Some of the more interesting new online media sites are perfecting the art of harnessing the audience to author content and in many cases to be part of the content. The emerging model is between pure social media site UGC (user generated content) – random example I picked off Bebo – and traditional publisher sites such as CNN, Vogue, and People that produce highly edited material with almost no mechanism for user engagement.
Sites such as Yelp, Teamsugar and Stylehive (LSVP Portfolio company) can be seen as new breed of publisher combining topical reader submitted text and images, information about audience activity, and profile and reputational information about individual audience members to synthecitally develop media content. In some cases, editorial content is also injected directly or derived by harvesting and combining select audience content and activity information.
This can result in a far richer experience than a typcial online media site which features published articles. It also stands apart from generic community or social media sites with UGC because of the automated editorial overlay that continously derives or “authors” many of the heavily consumed content pages on the site(ie “Most popular new restuarants”, “today’s most viewed celebrity photo”, “hottest new undiscovered fashion brand”, “most active product reviewer of the past week”). The net result is hybrid media publisher model that not only “speaks” to a target audience but also embraces and reflects the audience directly and in real-time.
In a sense, Publishers 2.0 are harnessing their audience to do much of the work for keeping the site content fresh, enabling common interest groups to form, and generating non-portable rewards and validation for active users who do much of the “authoring” traditionally performed by staff writers and editors. We’ve labeled this the “audience community”.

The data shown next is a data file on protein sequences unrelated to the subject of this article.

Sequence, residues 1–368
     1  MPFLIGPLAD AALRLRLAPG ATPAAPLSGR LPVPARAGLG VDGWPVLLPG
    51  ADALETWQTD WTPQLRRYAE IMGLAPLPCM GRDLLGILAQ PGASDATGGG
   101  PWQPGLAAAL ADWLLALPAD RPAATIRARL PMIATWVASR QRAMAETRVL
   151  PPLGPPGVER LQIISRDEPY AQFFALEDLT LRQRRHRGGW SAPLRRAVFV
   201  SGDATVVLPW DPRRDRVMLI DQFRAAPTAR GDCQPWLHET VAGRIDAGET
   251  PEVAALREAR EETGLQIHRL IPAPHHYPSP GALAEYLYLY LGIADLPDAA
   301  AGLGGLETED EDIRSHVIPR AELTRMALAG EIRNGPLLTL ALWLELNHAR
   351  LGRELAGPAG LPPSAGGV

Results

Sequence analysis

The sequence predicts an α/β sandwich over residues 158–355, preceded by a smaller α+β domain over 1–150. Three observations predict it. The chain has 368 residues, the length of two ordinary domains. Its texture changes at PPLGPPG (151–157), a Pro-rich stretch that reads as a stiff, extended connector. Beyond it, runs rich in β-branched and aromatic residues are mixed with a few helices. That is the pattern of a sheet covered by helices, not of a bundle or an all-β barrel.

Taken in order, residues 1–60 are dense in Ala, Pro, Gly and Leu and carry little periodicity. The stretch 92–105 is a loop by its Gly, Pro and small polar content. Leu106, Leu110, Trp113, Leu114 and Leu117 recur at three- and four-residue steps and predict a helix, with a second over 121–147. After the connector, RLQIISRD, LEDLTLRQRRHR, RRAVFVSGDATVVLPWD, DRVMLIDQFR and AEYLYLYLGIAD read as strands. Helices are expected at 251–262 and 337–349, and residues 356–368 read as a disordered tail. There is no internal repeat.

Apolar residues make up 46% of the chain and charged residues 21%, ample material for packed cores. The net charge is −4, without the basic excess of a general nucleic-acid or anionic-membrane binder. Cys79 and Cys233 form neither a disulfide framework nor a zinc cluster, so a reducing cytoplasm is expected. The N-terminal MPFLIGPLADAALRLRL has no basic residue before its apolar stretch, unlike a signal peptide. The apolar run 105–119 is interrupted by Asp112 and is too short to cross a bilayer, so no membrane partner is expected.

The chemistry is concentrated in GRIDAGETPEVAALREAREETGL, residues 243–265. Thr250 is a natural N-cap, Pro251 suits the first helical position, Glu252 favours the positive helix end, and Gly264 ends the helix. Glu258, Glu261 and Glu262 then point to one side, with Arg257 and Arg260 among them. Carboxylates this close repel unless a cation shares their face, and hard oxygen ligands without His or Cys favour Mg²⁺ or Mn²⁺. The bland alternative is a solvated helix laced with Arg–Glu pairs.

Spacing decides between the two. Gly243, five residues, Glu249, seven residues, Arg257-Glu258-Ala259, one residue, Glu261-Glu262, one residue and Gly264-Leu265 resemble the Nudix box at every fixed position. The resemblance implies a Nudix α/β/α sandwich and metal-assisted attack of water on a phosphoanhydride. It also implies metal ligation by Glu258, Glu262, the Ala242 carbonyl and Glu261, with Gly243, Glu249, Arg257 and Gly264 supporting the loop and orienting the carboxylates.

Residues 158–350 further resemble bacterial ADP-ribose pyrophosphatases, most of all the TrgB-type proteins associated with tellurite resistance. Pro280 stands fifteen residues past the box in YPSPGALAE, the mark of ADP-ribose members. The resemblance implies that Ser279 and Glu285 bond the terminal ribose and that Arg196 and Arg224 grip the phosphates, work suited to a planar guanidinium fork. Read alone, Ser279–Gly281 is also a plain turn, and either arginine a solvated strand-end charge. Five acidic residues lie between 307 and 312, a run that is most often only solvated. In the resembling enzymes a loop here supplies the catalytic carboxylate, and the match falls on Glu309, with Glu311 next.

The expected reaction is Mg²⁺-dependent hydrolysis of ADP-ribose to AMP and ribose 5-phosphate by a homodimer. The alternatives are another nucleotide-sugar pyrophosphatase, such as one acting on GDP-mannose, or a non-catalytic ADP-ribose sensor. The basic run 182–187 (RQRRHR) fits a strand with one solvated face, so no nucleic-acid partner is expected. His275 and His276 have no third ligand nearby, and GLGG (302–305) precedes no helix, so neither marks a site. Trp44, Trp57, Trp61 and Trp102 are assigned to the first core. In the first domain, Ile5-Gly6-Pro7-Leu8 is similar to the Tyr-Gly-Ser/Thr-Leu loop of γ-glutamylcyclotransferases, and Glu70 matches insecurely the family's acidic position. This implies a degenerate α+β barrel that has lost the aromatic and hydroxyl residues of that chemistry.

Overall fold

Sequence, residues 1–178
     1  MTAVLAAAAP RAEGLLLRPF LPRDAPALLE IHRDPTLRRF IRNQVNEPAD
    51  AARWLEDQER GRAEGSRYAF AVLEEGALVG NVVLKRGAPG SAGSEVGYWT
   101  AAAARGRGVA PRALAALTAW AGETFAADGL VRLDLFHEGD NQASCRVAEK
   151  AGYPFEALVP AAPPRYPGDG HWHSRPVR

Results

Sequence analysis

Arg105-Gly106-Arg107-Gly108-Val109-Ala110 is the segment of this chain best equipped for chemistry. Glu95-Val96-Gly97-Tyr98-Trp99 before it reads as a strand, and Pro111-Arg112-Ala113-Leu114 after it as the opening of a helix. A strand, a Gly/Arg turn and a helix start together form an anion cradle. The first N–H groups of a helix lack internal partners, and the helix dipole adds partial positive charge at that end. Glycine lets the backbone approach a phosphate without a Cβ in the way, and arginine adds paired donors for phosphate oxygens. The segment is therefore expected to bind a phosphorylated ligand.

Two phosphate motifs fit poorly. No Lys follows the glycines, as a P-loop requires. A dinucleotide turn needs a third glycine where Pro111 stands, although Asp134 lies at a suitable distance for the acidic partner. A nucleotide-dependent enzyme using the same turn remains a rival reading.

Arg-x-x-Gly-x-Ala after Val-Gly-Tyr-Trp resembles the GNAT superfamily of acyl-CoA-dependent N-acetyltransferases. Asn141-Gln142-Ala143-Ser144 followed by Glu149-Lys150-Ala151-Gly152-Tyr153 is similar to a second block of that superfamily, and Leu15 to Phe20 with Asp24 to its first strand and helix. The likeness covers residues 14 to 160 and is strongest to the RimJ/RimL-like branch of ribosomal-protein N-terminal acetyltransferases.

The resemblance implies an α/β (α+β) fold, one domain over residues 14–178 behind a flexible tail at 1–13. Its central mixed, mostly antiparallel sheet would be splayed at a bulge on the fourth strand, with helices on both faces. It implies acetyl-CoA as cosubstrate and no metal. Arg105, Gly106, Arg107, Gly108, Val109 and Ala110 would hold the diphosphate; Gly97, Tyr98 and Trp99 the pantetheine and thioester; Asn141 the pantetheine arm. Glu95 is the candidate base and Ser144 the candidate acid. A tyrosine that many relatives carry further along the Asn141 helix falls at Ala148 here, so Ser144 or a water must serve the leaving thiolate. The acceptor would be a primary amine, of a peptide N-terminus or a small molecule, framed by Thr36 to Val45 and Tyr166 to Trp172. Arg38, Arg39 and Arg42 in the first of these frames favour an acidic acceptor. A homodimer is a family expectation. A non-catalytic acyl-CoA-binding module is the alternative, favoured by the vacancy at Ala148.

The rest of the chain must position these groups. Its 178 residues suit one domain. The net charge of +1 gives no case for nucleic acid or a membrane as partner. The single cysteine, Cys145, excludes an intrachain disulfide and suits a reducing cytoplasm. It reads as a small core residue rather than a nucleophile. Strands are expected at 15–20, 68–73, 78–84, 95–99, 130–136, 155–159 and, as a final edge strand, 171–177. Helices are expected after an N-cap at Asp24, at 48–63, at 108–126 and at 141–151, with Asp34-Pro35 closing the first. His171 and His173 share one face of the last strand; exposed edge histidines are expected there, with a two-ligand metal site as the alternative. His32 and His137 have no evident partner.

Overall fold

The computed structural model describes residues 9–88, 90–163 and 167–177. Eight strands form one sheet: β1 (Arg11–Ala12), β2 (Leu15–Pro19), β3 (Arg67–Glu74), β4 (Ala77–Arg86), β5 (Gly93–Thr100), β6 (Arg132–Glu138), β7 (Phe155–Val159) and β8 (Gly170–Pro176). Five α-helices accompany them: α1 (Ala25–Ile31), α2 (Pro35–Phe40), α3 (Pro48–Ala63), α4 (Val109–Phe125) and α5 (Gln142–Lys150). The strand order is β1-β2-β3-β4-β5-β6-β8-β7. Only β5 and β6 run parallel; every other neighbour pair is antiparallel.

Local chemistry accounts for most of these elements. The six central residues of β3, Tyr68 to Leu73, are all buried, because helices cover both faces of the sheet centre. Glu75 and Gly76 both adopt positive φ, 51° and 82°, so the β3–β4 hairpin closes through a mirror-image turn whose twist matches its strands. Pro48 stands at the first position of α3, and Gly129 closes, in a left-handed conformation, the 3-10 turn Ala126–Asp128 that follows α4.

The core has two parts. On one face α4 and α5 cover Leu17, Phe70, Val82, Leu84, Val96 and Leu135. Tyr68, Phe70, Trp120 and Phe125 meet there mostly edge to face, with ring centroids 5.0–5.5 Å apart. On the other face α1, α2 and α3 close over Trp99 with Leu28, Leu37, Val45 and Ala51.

We think there will be lots of new publishers who refine and perfect Web 2.0 mechanisms for becoming truly interactive with a target audience while still providing value-added editorial overlay. We’d love to hear from you about other innovative ideas in this area.
The NY Times runs a front page article today about the Toyota Prius the hybrid that makes a statement and that sells. The article says:
A riddle: Why has the Toyota Prius enjoyed such success, with sales of more than 400,000 in the United States, when most other hybrid models struggle to find buyers?
One answer may be that buyers of the Prius want everyone to know they are driving a hybrid.
The article quotes a poll that says that 57% of Prius owners cited as their top reason for buying a Prius that “it makes a statement about me”. (Disclaimer: I drive a Prius too).
This behavior is no different than why users of social networks “pimp out” their profile pages with widgets from companies like Rockyou (a Lightspeed company) and Slide. Self expression is a basic human behavior, whether its instantiated in the car you drive, the rubber wrist band you wear, the sticker you put on your bumper, the IM buddy icon you choose or the widgets you put on your social network profile. It sends a message to the rest of the world about what is important to you.
The Toyota Prius is the facebook app of the auto industry.
Many people have been asking what a facebook app is worth.
Andrew Chen at MDV says in an interview with Insidefacebook that a facebook app user is worth about 1% of a user on your website.
Read Write Web points to the acquisition of the Favorite Peeps and Extended Info apps as evidence that real value is being created and predicts that there will be more acquisitions to come.